The other splurgy items included the overnight camel safari (worth it), and our Trabug Indian phone rental that we had heard such good reviews about but were highly disappointed with (not worth it).
I don’t include costs outside of what I spend in the country for these types of posts, but to give you an idea of other significant costs you could expect – my Indian E-visa cost US$75, and my roundtrip flight from San Francisco cost me US$700.
If you take out the cost of clothes & souvenirs and the tattoo, our India travel budget came out to about $36/day or $537 total for two weeks in India. If you add those two items back in…
INCLUDING EVERYTHING, I SPENT ABOUT $51 A DAY, OR $765 TOTAL FOR 15 DAYS IN INDIA.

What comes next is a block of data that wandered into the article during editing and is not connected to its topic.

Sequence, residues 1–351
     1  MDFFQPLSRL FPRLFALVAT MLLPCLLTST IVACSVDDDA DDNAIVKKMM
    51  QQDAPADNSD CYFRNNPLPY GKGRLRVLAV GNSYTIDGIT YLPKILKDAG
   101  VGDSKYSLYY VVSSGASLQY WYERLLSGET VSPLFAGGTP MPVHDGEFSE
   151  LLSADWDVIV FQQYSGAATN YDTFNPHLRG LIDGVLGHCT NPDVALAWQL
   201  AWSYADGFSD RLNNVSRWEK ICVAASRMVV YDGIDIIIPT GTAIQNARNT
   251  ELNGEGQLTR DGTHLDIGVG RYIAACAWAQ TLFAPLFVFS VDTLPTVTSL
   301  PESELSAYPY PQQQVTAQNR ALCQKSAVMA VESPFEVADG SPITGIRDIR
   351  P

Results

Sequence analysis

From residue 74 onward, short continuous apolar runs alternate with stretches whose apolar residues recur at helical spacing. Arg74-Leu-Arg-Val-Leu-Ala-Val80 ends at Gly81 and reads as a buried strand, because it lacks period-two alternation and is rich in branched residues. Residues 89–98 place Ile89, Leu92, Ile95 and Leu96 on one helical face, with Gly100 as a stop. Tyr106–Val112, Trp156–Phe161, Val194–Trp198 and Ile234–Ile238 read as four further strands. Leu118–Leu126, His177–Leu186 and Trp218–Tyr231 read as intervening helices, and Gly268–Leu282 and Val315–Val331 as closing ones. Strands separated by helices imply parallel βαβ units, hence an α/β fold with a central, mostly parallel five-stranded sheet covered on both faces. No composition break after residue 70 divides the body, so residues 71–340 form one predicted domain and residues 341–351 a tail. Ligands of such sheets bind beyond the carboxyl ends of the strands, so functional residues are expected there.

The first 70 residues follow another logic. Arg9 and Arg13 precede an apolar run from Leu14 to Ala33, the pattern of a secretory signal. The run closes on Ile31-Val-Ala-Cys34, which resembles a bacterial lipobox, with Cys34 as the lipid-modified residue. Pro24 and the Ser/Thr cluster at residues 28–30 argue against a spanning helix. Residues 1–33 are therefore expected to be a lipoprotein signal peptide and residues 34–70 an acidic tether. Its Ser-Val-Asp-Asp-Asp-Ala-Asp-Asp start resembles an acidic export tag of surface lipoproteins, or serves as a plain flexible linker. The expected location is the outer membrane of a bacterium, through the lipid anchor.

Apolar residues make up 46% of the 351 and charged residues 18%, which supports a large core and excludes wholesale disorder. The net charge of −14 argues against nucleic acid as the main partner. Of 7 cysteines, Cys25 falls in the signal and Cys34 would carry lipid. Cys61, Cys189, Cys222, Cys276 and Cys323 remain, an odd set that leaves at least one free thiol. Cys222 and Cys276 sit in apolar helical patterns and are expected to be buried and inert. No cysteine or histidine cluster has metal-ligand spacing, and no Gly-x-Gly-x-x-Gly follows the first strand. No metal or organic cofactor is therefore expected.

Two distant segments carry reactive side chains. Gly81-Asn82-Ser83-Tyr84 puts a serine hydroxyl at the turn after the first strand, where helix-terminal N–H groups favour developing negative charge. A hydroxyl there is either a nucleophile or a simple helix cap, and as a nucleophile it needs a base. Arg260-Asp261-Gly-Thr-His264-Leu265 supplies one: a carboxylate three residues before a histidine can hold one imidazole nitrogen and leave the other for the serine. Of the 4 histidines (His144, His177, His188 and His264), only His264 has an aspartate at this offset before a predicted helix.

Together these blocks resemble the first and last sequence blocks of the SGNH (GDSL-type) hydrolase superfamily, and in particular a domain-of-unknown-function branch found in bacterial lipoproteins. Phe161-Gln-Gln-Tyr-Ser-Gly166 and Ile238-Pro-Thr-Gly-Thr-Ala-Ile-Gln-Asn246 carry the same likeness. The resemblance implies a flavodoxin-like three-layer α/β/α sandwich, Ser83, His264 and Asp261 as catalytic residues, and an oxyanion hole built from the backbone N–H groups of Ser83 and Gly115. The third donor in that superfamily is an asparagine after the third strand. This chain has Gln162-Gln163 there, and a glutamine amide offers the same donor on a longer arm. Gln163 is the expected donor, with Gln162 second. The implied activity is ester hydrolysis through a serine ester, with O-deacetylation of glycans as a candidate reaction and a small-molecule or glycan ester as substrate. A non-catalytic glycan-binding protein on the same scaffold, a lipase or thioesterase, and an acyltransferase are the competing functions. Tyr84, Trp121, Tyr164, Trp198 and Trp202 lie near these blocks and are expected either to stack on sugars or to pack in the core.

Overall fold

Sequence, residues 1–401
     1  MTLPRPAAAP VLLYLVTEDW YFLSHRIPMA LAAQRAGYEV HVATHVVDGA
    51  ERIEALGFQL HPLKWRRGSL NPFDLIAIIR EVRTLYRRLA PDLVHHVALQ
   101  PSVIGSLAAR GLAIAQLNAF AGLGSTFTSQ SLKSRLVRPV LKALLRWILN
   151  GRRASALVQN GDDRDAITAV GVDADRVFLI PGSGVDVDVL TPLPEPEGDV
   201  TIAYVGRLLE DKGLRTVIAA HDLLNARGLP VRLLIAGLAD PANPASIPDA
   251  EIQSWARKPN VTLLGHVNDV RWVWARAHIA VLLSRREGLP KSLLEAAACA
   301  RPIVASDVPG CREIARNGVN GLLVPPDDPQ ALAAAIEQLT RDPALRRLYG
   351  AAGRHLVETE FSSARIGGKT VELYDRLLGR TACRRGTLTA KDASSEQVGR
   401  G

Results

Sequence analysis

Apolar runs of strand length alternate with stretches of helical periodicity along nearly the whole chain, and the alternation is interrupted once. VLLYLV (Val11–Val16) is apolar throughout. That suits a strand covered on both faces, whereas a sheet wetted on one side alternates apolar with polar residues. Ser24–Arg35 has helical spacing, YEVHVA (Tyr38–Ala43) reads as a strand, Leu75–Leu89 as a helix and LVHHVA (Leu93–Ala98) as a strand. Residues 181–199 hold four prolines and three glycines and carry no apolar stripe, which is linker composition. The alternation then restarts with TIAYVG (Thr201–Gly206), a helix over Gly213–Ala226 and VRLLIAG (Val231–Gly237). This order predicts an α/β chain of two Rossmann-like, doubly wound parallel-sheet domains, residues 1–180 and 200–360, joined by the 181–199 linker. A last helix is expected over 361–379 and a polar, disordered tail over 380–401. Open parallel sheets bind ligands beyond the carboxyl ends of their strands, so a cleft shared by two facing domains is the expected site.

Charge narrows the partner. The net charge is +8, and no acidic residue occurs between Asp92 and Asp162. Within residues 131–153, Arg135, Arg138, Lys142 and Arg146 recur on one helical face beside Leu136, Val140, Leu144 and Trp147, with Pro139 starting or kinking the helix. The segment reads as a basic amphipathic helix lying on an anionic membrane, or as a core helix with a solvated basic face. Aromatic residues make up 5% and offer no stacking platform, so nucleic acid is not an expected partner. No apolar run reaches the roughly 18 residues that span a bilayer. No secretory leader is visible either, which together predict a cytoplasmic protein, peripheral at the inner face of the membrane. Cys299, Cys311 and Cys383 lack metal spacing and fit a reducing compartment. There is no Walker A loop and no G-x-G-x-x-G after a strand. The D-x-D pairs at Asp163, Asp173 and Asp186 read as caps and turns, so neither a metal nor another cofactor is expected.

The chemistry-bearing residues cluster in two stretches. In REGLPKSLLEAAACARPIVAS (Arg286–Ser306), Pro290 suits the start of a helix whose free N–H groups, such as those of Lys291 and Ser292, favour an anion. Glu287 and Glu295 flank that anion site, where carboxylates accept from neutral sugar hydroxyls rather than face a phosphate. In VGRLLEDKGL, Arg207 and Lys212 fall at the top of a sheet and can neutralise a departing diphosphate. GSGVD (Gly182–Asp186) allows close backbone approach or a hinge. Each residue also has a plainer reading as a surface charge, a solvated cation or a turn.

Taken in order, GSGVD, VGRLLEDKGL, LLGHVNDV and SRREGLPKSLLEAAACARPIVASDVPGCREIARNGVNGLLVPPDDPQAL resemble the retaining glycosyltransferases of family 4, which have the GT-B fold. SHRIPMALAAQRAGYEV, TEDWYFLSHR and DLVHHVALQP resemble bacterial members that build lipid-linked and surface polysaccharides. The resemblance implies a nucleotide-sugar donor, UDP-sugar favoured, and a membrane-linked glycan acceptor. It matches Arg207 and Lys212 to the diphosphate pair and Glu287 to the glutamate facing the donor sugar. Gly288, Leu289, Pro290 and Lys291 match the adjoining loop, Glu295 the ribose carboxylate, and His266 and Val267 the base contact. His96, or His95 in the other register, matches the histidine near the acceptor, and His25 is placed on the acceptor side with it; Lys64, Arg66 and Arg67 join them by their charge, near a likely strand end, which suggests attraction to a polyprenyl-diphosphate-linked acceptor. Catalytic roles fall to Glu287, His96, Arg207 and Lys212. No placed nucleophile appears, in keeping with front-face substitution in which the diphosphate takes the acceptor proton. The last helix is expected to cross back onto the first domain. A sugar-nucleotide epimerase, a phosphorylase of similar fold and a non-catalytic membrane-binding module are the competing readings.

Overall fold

If you were mainly doing a budget trip and staying in $5 dorms the whole time, not spending as much on souvenirs and extras, you could probably get your India budget to $25 or $30/day.
We chose to stay in private accommodations, take the nicer buses/trains, even fly at one point, and spent a lot on souvenirs, so we traveled in more of mid-range luxury backpacker style.
Even still, the cost of travel in India was more expensive than I thought it would be. Again, part of it may have been the more touristy cities we were in and the style of travel, but I for some reason had this idea that my India travel budget would end up being cheaper than most countries in Southeast Asia.
And that wasn’t the case, at least not for this trip.
$700+ is definitely the most I’ve ever spent for two weeks in an Asian country, but I can’t deny that it was a trip of a lifetime and I was fortunate enough to enjoy it with one of my best friends. India easily became one of my favorite countries after this trip.
Let me know – how expensive did you expect India to be? More? Less? Have you been to India before?
Traveling with little ones to India? Check out this guide to visiting the Taj Mahal with kids.